Some of the poems come in fits and bursts, strong as a gut punch, while others are slightly longer meditations. In just 11-lines, for instance, the speaker of “my third grade teacher” details a situation in which the lived experience between a Black student and a white teacher is quite, quite different. It reads:

My third grade teacher

explained skin,
the undercurrents
of blood, and how
my face lacked
the ability to bruise
or blush. I tried
to show her a patch
darker than the rest.
she nodded, explained
it was harder to see
on my skin.

Many other teachers like the one referenced above populate Henry’s pages, and many anecdotes herein shine a light on a fairly warped American education system, at least in terms of racial justice. Each of these poems hits hard, one after the other. There’s no reprieve, but these poems aren’t out to make a reader smile or feel good. They cut hard. Henry isn’t afraid to hold back, and I found myself often needing to pause, take a breather, and reflect after every few pages. Many of these poems are individually affecting, and taken as a whole, they function much like a tornado.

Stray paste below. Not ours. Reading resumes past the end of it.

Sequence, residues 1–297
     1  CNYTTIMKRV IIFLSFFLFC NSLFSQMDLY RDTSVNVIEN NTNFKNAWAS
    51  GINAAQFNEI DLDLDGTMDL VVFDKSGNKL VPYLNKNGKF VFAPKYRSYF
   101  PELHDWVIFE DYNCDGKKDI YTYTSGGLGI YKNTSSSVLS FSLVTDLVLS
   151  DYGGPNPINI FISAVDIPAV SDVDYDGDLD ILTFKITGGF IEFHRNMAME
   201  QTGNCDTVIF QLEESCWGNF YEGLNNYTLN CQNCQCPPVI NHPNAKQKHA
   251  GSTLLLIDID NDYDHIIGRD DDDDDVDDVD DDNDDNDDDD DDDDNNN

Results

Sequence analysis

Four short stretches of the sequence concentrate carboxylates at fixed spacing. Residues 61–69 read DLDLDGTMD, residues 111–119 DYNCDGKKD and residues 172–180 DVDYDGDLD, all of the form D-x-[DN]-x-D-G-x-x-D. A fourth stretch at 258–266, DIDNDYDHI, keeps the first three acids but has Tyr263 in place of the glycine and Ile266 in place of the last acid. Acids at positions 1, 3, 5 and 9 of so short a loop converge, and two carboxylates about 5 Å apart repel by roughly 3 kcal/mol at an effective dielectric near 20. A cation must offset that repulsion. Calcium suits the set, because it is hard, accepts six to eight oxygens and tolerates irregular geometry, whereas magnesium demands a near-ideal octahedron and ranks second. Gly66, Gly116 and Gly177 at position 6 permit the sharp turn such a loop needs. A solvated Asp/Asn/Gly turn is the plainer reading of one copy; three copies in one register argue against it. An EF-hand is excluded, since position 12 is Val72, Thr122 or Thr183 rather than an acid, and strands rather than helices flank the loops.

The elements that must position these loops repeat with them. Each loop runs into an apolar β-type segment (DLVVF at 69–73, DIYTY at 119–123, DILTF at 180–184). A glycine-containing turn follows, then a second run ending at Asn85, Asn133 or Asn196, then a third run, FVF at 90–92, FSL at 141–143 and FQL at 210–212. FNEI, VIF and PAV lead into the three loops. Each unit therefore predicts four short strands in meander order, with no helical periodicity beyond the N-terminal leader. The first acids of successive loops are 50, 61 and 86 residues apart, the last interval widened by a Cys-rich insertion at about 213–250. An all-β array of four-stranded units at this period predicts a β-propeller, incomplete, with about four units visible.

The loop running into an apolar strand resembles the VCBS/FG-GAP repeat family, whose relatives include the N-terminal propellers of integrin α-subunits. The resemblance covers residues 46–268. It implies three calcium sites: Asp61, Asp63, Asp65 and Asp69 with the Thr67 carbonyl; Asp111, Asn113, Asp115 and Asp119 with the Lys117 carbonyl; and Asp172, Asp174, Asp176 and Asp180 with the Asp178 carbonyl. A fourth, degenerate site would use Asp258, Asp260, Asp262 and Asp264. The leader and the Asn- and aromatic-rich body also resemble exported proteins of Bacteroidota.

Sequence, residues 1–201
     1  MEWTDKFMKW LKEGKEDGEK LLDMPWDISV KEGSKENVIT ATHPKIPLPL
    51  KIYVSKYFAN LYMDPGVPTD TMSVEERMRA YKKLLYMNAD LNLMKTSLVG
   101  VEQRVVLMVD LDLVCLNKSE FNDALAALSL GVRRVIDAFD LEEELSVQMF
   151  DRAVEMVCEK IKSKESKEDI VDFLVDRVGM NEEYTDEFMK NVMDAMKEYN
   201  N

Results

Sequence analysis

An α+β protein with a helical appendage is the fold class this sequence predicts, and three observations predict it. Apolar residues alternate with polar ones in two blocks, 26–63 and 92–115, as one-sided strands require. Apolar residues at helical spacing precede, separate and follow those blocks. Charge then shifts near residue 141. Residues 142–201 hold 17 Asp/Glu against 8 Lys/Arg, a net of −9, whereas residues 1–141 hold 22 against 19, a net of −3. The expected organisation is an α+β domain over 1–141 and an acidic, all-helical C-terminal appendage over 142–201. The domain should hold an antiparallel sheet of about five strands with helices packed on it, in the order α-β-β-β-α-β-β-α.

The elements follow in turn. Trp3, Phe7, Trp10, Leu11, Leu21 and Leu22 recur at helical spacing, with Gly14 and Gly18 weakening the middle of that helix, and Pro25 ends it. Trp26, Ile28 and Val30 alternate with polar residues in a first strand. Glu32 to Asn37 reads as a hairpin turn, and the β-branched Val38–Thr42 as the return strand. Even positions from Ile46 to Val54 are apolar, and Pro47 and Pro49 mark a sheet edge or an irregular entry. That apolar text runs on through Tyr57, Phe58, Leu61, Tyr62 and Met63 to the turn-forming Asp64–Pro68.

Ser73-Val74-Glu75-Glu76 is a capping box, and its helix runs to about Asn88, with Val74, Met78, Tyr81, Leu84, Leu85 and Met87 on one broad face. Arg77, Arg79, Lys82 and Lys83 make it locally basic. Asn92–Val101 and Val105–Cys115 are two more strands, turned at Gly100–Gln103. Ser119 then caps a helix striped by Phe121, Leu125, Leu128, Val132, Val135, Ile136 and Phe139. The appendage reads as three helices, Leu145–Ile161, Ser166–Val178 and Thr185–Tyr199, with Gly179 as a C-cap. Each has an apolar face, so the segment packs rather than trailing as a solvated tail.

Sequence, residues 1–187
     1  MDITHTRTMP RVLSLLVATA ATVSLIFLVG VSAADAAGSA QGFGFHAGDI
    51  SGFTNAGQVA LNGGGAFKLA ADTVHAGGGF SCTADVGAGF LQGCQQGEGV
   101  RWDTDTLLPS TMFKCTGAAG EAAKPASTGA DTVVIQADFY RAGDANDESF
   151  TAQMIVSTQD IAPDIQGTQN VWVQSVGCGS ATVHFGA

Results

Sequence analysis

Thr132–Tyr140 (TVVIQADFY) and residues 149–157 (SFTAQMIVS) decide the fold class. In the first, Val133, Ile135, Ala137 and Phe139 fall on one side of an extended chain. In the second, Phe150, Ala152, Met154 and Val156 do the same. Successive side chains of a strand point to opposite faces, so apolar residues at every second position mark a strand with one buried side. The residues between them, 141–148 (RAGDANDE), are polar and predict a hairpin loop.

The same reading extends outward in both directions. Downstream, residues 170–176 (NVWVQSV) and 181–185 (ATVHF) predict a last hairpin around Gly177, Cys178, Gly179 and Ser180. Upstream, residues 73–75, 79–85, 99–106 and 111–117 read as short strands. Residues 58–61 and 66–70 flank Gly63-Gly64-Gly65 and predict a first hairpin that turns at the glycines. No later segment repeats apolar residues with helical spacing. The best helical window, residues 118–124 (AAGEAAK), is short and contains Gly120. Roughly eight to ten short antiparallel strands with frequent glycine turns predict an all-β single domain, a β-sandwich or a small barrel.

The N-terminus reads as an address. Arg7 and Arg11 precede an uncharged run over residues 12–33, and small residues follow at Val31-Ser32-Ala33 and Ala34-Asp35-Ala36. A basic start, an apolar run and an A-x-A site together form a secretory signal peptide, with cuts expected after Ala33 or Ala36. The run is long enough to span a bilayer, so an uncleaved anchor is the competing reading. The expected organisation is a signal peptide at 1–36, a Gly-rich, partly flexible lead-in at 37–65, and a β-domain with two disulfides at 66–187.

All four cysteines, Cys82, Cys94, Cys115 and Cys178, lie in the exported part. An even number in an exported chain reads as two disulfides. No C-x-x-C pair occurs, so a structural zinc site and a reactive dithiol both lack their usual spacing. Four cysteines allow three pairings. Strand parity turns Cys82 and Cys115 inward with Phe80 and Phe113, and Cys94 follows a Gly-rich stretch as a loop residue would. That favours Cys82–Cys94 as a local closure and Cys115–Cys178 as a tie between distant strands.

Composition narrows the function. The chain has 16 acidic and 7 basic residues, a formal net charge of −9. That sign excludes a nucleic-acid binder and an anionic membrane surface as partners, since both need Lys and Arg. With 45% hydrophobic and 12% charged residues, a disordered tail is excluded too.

In “essay for history B,” another direct reference to Hughes’ poem, the speaker lampoons teachers who expect him to answer every single question about Black history and literature. Even the very idea of Black History Month is called into question here, and perhaps, rightfully so. It opens with the forceful lines, “I’m not a duly elected representative of Niggerdom / who’s authorized to speak for all my people everywhere.” The speaker adds a few lines later, “you see me when convenient.” As an educator, I found this line both painful and striking. It made me question how often I and others may fall into the trap the poem addresses. Do we expect every Black student to answer questions about Booker T. Washington, W.E.B. DuBois, Malcolm X, or Sojourner Truth?